... jackets of hide," says the chronicler, "who fought by threes, two with a crooked lance and three darts each, and between them a man with a sword or an axe, who held his shield before those two;—a very great multitude, but in composition utterly undisciplined," who came down to the sea-coast, with carts and wagons, to carry off the spoils of the Flemings, and bade them all surrender at discretion, and go home again after giving up Count Robert and Hereward, with the "tribunes of the brigades," to be put to death, ...
— Hereward, The Last of the English • Charles Kingsley

... much to say of his moderation and temperate habits of life. He had no sumptuous country-house in the suburbs or at the sea-coast, but two farm-houses. He possessed, however, what seems to have been a very fine house (perhaps we should call it "castle," for Cicero speaks of it as a place capable of defense) in Epirus. It contained among other things a gallery of statues. ...
— Roman life in the days of Cicero • Alfred J[ohn] Church

... from the sea; its broad lime-washed towers, and the graceful minarets beyond, all dazzling white in the sun, contrasting with the dark blue waters of the Mediterranean. Such is the delusion of all these sea-coast Barbary towns; at a distance and without, beauty and brilliancy, but near and ...
— Travels in the Great Desert of Sahara, in the Years of 1845 and 1846 • James Richardson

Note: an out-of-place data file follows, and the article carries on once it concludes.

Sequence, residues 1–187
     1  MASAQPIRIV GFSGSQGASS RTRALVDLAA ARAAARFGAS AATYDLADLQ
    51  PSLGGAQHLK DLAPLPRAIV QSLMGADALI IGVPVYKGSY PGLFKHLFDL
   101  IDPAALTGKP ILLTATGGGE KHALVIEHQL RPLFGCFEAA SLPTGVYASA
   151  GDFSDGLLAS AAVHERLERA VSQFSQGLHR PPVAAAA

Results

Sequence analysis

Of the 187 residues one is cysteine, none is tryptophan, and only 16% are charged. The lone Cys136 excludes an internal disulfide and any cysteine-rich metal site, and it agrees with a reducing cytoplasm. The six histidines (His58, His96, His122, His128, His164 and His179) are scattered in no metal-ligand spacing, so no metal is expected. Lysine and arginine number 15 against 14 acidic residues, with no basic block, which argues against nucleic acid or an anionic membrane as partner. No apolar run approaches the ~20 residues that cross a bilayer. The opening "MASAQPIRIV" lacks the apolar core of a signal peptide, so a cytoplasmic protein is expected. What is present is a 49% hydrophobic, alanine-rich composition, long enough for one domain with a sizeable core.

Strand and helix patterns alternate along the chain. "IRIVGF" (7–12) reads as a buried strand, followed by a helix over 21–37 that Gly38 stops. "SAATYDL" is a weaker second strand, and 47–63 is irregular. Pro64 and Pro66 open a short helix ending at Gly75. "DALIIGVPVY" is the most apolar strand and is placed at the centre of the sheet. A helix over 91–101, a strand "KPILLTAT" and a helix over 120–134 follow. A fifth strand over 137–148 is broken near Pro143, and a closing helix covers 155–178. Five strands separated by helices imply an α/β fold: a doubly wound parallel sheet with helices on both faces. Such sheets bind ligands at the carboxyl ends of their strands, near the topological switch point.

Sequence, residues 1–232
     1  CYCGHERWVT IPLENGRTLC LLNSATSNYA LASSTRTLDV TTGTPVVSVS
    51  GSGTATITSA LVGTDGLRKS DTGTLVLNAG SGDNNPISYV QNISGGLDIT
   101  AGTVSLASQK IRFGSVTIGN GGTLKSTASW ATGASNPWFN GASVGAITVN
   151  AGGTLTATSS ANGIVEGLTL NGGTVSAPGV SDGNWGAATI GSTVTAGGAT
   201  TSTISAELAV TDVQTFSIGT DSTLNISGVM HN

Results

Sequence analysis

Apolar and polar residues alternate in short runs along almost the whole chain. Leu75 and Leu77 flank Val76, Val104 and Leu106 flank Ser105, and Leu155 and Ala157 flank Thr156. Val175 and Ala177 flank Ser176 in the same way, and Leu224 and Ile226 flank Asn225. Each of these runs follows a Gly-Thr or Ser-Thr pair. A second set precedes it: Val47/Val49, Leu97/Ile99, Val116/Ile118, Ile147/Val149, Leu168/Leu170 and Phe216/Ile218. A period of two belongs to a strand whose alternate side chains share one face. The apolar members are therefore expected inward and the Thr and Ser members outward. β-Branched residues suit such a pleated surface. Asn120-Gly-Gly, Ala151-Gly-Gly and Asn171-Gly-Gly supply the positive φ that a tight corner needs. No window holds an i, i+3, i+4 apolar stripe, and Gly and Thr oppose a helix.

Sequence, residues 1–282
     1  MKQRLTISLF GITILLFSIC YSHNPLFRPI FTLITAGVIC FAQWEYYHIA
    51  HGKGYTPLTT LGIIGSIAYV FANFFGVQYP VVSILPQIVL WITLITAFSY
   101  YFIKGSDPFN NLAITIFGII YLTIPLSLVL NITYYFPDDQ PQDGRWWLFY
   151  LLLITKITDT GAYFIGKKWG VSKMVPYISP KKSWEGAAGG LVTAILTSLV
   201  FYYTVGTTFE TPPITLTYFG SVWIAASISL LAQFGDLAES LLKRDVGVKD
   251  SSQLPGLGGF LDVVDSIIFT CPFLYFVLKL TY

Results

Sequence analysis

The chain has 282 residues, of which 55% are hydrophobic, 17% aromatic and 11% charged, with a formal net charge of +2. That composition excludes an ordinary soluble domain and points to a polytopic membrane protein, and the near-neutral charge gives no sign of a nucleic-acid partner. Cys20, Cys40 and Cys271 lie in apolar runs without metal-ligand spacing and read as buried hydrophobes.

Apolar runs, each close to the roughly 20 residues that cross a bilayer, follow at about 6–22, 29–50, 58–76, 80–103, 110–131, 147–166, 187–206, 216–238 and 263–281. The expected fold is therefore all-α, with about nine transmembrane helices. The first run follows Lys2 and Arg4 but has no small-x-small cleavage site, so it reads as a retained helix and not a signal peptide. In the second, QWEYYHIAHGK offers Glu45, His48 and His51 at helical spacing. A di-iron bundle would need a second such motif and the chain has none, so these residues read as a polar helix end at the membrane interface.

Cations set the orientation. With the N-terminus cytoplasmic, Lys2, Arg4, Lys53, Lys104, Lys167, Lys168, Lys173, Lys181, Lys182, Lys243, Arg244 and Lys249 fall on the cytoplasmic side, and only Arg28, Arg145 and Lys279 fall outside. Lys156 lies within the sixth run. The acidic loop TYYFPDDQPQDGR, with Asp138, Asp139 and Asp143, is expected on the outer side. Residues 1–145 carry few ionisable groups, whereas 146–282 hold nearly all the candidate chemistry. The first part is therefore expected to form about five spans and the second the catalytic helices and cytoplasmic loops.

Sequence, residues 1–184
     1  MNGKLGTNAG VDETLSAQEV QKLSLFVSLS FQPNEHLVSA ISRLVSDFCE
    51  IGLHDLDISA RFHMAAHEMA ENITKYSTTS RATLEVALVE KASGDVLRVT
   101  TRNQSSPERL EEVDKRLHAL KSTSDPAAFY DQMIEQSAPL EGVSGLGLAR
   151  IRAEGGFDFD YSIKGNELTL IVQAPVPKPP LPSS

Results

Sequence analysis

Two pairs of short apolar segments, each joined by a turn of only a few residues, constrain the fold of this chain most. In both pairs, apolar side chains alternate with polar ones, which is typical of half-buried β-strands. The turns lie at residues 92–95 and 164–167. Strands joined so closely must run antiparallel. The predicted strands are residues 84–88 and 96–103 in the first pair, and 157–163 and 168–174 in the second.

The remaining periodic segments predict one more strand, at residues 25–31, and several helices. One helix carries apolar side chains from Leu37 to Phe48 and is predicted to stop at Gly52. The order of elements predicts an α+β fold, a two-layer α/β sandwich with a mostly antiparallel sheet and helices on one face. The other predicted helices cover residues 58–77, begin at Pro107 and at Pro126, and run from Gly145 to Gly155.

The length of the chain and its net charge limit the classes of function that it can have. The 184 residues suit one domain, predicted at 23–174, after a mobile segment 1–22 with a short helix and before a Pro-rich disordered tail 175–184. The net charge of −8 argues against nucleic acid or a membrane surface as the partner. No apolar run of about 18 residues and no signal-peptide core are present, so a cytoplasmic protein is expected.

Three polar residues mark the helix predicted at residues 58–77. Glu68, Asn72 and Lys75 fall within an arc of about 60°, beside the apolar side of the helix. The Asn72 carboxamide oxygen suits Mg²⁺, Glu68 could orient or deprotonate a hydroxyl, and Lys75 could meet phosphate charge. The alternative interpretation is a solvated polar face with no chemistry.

... Sagartia, Parseta-kone, and Mardia lay towards the north, on the confines of Media and the salt desert,* Taokene extended along the seaboard, and Carmania lay to the east. The tribes had constructed large villages, such as Armuza, Sisidona, Apostana, Gogana, and Taoke, on the sea-coast (the last named possessing a palace which was one of the three chief residences of the Achaemenian kings),** and Carmana, Persepolis, Pasargadae, ...
— History Of Egypt, Chaldaea, Syria, Babylonia, and Assyria, Volume 8 (of 12) • G. Maspero

... Indian's camp at night. The old chief prospered, and made many journeys round the country, but always kept his camp here. This lasted until the time when the holy Fathers came from the South, and Portala, as you have all read, uplifted the wooden Cross on the sea-coast over there, and left it for the heathens to wonder at. Koorotora saw it on one of his journeys, and came back to the canada full of this wonder. Now, Koorotora had ...
— Maruja • Bret Harte

... were located on the sea-coast, and inhabited the country from the Sheepscot to the St. George; they are quite fully described by Capt. John Smith, who had much intercourse with them. From their situation on the rivers and harbors, they were much sooner disturbed by the settlements than any other of the tribes ...
— The Abenaki Indians - Their Treaties of 1713 & 1717, and a Vocabulary • Frederic Kidder



Words linked to "Sea-coast" :   Pacific Coast, littoral, seaboard, litoral, seashore, Aeolis, shore, seaside, Aeolia, landfall, Atlantic Coast, sands, coast, tideland, Barbary Coast, littoral zone, Gulf Coast, foreshore, seacoast